If it wasn't for my linked in profile and my blog, it would have been a much more arduous process to get my pass back, and I might have never connected with this individual at all!

So, thank you blog, for being a Finder of Lost Things.

Maybe you can also become a Finder of Lost Words. 

Now that my mojo is back at work, I'm looking to reclaim that creativity for all of the side projects I have on the go.  From the novel I'm halfway through, to the poems that keep ratting around my brain, I'm hoping that simply by getting into the practice of writing for the sake of writing, I'll lose the fear of failure and of rejection.

Tuesday, August 2, 2011

Hello Again...

Holy Cats.  It's been a long, long time since I've updated Stephopolis....

I have a valid excuse for the extensive gap between posts - for half of April and all of May I was stuck in, what can be affectionately termed, "Emo Sweatpants Land".  I was too buys embracing the perks of my "enforced employment sabbatical" (ie: daytime television), to think about blogging or any kind of writing that didn't start with the words "To Whom It May Concern - I am SUPER INTERESTED in working for THIS COMPANY in the position of THIS PARTICULAR JOB..."

My ennui was not helped when Adam went up north for work.  Being left to my own devices with no outside motivating factors (like a paycheque), meant that I lapsed into the comfortable existence of a hermit.  I spent a lot of time talking to my cats, but (thankfully), they never actually answered back.

And time was a funny thing.  It seemed to crawl into foreverness and the days blurred together.  With the burden of alarm clocks and work weeks no longer in consideration, it was distressingly easy to lose an entire day pouring over dubious job applications until, one blink later, the sun was down and it was evening.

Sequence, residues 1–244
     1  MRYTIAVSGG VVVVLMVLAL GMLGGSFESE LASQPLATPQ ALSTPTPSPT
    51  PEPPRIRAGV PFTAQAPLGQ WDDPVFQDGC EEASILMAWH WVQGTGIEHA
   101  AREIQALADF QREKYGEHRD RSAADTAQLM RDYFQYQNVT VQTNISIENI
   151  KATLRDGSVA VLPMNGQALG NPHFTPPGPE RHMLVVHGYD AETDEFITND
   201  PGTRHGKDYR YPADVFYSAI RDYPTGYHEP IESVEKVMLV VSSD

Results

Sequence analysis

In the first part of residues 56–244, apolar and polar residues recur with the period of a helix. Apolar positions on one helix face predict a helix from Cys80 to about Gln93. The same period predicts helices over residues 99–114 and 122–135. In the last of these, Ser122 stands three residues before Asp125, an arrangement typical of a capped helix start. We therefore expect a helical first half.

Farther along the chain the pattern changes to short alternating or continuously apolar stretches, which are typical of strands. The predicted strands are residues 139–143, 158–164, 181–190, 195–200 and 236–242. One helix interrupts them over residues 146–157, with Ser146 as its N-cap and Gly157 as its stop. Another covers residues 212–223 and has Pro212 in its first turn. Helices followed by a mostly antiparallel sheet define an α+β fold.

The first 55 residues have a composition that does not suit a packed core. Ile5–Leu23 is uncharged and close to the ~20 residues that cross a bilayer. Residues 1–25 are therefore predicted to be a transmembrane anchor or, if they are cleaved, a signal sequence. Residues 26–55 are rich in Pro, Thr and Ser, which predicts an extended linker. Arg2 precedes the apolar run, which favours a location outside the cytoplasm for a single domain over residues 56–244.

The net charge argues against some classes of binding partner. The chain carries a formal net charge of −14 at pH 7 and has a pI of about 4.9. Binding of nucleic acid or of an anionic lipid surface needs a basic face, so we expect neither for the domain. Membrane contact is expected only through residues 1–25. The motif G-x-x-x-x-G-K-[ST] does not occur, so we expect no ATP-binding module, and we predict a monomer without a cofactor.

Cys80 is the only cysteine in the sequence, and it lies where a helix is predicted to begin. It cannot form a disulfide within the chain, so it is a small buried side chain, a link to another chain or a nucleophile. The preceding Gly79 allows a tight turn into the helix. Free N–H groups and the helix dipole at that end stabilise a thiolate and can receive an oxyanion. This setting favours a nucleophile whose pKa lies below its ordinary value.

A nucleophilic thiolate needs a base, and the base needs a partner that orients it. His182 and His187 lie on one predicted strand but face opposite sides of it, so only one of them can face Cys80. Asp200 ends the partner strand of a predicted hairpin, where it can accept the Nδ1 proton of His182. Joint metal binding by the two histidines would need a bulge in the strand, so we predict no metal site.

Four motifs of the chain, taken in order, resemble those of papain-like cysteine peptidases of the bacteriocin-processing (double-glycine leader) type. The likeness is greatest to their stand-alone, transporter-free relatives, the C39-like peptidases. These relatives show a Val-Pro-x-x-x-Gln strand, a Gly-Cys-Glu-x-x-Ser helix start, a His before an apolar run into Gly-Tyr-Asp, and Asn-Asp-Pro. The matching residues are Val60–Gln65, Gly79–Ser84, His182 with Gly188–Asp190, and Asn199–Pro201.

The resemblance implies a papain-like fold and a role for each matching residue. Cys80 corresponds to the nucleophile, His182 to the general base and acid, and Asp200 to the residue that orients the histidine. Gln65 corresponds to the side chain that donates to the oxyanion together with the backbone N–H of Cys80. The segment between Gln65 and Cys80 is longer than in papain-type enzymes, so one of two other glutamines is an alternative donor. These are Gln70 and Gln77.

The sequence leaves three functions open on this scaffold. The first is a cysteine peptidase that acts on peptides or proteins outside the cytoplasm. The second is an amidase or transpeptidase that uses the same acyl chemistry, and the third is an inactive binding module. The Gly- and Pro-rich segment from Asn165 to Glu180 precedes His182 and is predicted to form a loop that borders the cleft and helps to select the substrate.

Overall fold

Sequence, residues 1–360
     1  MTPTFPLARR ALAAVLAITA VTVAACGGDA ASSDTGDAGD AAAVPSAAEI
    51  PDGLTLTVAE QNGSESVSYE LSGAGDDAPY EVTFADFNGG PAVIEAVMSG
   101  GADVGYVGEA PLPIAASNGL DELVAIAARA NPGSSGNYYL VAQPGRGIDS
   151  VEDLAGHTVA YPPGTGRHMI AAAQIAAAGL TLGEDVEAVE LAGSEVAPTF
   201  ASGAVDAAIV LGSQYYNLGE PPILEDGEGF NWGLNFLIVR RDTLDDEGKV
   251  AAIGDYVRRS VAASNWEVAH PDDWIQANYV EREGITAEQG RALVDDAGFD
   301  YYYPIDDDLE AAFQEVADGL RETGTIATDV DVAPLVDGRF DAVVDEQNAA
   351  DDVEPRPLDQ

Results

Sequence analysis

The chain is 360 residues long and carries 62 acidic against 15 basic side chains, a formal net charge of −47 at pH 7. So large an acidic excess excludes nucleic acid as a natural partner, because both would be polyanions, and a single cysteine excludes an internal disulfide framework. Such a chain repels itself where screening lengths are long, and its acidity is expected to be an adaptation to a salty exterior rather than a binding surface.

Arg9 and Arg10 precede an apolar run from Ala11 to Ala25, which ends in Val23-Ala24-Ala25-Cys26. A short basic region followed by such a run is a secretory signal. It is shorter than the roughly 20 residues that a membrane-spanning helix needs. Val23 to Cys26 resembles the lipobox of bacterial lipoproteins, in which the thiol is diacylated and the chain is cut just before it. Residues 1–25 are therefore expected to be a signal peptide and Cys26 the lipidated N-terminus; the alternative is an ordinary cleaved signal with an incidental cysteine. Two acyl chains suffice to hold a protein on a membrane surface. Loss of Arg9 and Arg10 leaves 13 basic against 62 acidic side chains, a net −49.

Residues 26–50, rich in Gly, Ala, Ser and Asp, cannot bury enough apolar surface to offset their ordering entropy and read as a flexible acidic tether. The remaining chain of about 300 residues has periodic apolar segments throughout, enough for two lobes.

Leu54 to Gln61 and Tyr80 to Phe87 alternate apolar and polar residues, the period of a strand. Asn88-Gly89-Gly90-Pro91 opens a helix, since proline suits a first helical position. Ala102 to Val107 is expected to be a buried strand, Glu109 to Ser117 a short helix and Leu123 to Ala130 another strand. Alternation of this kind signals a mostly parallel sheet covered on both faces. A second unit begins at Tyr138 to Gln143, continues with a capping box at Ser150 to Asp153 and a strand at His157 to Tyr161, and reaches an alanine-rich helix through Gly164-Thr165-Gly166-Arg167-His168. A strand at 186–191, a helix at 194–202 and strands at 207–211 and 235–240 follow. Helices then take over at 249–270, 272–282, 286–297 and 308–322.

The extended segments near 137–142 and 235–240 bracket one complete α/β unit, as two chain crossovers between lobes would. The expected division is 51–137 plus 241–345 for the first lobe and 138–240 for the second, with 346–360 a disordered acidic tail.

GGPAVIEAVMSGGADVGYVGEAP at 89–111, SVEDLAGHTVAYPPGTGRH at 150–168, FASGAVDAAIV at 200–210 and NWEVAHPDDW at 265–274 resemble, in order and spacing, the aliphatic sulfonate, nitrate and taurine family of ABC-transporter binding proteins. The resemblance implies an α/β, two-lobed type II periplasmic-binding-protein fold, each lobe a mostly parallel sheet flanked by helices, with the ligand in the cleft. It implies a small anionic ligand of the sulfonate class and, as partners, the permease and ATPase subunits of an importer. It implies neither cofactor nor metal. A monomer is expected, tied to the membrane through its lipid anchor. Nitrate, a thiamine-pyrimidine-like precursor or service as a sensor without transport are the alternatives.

In the grand scheme of things, my period of idleness was only 1.5 months.  But it left a burning, lasting impact on me that still ghosts around me, even when I'm hard at work being a productive member of society.  Sometime, when I'm focusing on the intricacies of a website page or trying to master the wording of a particularly prickly memo, a small voice will say "You can't do it.  You aren't good/smart/capable enough."

And then I crumble a little bit inside.

I'm trying to convince the voice that knows that I can do it - the voice that understands that I am creative and intelligent and respected to speak up louder and drown out that insidious other voice.

Everyone tells me that what I went through was a necessary evil - an important, but ultimately treacherous, rung on that ever important career ladder.

And I understand what they're saying.  But it doesn't make the hurt/insecurity/fear/anger disappear.  It's still there, but I can only hope that, one day, I'll truly be able to look back at that 5 month period and think about how very far I've come.

Anyway, that was a long, convoluted way of saying that I'm trying to re-enter the world of blogging, because I feel that I lost my voice and it's about time that I find it again.